Unfortunately, as a temporary resident he cannot withdraw his super benefit under the ‘retirement’ condition of release.

He can access his Australian super benefits as a Departing Australia Super Payment (DASP) when he leaves Australia permanently and his visa is cancelled or expires. The benefit will be taxed as follows:

  • Tax-free component - nil tax
  • Taxable (taxed component) – 38%
  • Taxable (untaxed) – 47%

If he doesn’t withdraw his superannuation balance, his super balance is transferred to the ATO generally after six months of the temporary visa expiring or upon leaving Australia. While funds are with the ATO they earn interest at CPI (these interests are not subject to tax).

If he hasn’t withdrawn his super and has returned as a permanent resident, he has the option of either transferring this money to an Australian super fund or applying for it to be paid to him directly – either way, the payment is still considered a DASP and taxed accordingly.

Topic: Proposed lifetime non-concessional contributions (NCC) cap and excess non-concessional contributions

Q: Can you please confirm that when a client has an excess non-concessional contribution and sign the release authority to release it from super that the release authority can be served on a pension account? And if the excess is released, I assume it ceases counting towards the caps and won’t count towards the proposed $500k lifetime NCC limit so the client may have some small scope to make further NCCs if the $500k limit becomes law?

A: Yes, the release authority can be served on a pension account, unless it’s a Defined Benefit Fund or a non-commutable superannuation income stream and the fund cannot/will not release it.

Regarding whether excess non-concessional contributions that are released will cease counting towards the proposed $500k lifetime non-concessional caps, there is insufficient information in the budget papers. The budget papers did refer to the existing penalty regime but did not provide further detail.

The way current excess non-concessional contributions legislation is worded is to suit a system that operates without a lifetime cap, so there is no specific wording about whether released excess non-concessional contributions will no longer count towards the non-concessional cap. Under the current system, non-concessional caps apply on an annual, or three year if the bring forward rule is triggered, basis, so contributions that breach the annual or three year period will not be counted towards a future annual/three year period.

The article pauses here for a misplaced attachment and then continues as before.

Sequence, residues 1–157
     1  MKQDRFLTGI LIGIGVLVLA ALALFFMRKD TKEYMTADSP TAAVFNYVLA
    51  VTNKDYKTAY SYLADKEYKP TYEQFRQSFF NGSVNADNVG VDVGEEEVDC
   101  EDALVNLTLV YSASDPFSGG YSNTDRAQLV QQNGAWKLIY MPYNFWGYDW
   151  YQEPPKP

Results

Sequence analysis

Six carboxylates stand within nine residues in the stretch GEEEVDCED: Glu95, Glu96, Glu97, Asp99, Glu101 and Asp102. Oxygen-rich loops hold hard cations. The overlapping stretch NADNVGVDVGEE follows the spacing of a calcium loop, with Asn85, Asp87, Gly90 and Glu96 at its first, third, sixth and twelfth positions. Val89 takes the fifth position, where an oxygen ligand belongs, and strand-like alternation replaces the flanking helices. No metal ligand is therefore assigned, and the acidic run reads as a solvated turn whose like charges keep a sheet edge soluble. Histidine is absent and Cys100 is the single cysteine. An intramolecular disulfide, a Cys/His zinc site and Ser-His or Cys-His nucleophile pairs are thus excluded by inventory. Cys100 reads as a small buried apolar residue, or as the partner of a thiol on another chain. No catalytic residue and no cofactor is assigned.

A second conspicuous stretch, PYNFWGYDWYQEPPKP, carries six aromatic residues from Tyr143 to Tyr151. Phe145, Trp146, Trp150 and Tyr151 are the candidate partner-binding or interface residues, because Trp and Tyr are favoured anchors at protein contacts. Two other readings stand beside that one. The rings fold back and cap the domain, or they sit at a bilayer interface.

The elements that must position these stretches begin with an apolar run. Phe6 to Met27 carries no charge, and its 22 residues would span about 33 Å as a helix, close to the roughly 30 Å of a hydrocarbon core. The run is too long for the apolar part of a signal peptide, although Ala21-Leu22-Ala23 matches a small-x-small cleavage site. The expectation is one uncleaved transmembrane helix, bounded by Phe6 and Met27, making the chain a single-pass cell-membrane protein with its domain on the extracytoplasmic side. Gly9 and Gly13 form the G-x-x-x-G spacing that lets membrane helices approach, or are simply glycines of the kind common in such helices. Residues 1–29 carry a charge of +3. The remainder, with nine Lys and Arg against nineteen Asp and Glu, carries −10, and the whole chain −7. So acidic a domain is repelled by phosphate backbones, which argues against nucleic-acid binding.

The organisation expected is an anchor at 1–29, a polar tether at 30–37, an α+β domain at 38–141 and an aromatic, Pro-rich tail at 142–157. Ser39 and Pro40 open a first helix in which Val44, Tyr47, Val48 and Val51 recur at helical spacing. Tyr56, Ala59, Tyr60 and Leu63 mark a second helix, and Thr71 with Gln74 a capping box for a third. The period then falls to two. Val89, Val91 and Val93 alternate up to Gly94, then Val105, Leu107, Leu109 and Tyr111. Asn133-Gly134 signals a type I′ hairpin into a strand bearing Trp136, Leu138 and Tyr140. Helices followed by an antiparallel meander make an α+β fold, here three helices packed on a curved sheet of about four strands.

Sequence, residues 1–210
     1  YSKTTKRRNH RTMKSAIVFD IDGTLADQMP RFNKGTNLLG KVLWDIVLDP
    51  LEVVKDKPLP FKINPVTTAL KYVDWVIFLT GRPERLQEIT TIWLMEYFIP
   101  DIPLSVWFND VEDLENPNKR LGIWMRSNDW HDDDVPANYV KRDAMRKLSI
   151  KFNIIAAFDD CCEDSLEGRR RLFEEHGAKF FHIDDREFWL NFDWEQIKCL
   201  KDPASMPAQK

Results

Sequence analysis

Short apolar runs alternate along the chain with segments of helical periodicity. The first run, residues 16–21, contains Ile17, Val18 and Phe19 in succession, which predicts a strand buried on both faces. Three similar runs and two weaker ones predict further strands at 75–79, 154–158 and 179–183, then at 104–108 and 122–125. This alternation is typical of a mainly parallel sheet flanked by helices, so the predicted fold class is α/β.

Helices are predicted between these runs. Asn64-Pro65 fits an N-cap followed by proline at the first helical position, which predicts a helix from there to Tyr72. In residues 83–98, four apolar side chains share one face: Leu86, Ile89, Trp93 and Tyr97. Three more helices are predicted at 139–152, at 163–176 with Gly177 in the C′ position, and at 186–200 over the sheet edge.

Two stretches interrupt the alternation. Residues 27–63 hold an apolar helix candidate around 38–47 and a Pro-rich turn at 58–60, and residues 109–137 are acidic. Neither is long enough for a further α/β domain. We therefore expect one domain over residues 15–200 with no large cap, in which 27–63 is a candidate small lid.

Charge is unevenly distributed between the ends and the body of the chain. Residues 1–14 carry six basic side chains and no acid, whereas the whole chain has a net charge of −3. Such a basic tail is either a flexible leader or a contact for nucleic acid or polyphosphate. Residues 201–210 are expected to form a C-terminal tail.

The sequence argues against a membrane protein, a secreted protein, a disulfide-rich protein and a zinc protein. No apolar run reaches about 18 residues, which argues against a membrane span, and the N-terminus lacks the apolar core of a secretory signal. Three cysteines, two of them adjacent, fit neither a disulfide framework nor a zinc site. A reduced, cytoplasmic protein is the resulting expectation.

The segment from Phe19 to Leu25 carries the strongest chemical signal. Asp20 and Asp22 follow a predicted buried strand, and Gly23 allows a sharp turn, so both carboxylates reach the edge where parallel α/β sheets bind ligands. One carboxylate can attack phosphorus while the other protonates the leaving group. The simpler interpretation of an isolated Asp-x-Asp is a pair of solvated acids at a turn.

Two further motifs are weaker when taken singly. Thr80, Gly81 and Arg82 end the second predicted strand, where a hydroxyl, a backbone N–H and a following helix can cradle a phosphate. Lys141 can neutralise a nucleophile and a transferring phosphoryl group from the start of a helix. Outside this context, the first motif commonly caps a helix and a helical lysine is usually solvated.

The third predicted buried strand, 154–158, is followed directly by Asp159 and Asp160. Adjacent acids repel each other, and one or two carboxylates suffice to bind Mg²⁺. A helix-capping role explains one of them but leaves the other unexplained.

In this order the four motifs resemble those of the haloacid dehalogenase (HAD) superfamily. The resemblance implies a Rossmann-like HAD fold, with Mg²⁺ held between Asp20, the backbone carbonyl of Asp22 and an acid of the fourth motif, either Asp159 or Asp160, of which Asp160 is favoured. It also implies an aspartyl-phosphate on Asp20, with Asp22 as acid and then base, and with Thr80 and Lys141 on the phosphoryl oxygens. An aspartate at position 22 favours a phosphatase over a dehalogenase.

Having said that, the effect of the current regime is that excess non-concessional contributions that are released will not be treated as excess non-concessional contributions. So it is highly likely that released excess non-concessional contributions will not count towards the proposed lifetime NCC.

The ATO has also recently updated their website (for tax practitioners) and they seem to be taking released excess contributions into account. The following is an extract from the ATO website:

‘We calculate the amounts manually, based on information from funds, income tax returns and excess contribution amounts released from funds.’

Read the full announcement.

However it must be stressed that it is not possible to confirm the above until draft legislation is available.

The information contained in this newsletter is provided on behalf of the IOOF group of companies and is intended for financial adviser use only. It is given in good faith and has been prepared based on information that is believed to be accurate and reliable at the time of publication. Any examples are for illustration purposes only and are based on the continuance of present laws and our interpretation of them at the time.